Updated 11/05/2012 10:29 PM
Prop 1 could change mayor’s veto power
It’s a proposition that could very well change the mayor’s veto power in Binghamton and it’s now up to the voters to decide on. Our Elyse Mickalonis explains what Proposition 1 is and what you need to know heading to the polls on Tuesday.
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BINGHAMTON, N.Y. -- ThOn Tuesday, voters in Binghamton will finally get to choose which elected officials they want in office, but they’ll also have to vote on something called Proposition 1 and it's got city council and the mayor at odds.
“Prop 1 was something that city council decided to pass and send on to the voters which changes second class cities law,” said Binghamton Mayor Matt Ryan.
Binghamton City Councilor Teri Rennia added, “If you want to look at second class cities, it calls for three-quarters. Home rule allows us to change that to two-thirds. If you look at that, they have much larger legislative bodies.”
The proposition effects the city's charter and code. If approved by voters, it would allow the Binghamton City Council to override a mayoral veto with only a two-thirds majority. The current system calls for three quarters of the council to agree.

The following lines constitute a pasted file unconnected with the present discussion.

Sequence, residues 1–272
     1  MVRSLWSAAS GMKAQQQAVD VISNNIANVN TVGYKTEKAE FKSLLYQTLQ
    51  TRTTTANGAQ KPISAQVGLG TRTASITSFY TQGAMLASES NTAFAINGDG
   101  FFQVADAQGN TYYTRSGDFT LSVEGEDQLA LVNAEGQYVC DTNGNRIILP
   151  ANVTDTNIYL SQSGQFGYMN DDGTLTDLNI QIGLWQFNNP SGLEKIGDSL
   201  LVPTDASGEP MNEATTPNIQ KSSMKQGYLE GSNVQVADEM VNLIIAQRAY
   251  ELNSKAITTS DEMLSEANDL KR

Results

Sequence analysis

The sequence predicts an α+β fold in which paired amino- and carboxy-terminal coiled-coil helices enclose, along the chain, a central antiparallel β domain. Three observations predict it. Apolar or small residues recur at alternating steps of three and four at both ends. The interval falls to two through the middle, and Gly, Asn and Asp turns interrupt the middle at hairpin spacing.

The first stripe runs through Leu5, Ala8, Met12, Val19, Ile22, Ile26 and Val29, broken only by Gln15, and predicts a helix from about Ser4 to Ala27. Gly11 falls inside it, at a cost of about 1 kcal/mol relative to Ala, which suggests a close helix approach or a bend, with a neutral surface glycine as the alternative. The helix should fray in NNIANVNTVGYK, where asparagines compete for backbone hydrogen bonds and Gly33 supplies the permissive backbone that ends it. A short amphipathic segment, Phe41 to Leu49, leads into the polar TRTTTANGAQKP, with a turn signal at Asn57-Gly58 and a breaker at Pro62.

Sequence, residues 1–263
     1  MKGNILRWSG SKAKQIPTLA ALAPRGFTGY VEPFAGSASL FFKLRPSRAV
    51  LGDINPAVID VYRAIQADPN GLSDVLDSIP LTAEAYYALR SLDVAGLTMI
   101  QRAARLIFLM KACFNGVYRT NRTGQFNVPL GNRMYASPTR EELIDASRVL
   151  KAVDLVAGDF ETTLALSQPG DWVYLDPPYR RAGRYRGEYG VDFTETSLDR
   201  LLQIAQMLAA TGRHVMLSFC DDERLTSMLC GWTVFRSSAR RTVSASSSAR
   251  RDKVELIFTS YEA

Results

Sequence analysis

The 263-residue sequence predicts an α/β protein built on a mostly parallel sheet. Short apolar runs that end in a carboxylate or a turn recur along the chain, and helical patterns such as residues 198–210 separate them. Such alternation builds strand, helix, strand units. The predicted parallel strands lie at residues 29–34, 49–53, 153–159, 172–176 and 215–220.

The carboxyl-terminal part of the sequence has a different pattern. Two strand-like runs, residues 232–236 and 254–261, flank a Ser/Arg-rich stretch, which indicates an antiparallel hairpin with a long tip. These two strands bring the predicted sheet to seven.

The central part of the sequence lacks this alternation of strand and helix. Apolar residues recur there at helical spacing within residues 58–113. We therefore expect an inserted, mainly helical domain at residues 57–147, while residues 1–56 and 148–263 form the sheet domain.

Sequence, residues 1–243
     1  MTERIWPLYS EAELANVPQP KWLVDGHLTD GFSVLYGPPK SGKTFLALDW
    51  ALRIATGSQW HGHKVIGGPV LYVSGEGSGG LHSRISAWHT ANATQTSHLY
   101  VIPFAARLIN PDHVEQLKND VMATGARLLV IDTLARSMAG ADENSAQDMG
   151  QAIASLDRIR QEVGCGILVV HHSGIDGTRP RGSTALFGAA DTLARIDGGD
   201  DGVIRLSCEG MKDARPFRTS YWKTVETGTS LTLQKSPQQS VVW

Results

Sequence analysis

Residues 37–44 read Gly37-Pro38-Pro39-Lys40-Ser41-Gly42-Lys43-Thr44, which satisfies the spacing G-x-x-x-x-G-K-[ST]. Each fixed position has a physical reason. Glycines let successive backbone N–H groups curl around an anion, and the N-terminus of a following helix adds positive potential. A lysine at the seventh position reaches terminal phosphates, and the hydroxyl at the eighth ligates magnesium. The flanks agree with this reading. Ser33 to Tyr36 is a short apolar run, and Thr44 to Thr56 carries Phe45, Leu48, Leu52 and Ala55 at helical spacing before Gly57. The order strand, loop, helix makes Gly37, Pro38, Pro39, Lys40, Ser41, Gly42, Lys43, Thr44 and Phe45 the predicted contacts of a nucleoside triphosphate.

“When council was cut and reduced to seven, that three-quarters number never changed, but what did change was no long could seven out of nine council members override a veto. Now it requires six out of seven, obviously, proportionally, that’s a huge difference and it really shifts the very limited authority council had,” said Rennia.
A two-thirds majority would mean only five out of seven votes are needed to override a veto. Mayor Ryan says he doesn’t think anything needs to be altered and that the system that’s in place is working. He thinks this move is aimed to change something else.
"If there were some allegations that the mayor’s veto power was so strong and could never be overridden and there was evidence of that, I would say, 'I might agree with it,' but the fact is the last three vetoes I gave them, they overrode them. There’s no reason to change the balance of power,” said Ryan.
Rennia added, "It’s really not a shift in power and council was successful in overriding a couple of mayoral vetoes last year around the budget process, but there had been many, many more before that council had not been successful in."
Whatever the decision may be, voters will have the final say in this debate come Tuesday.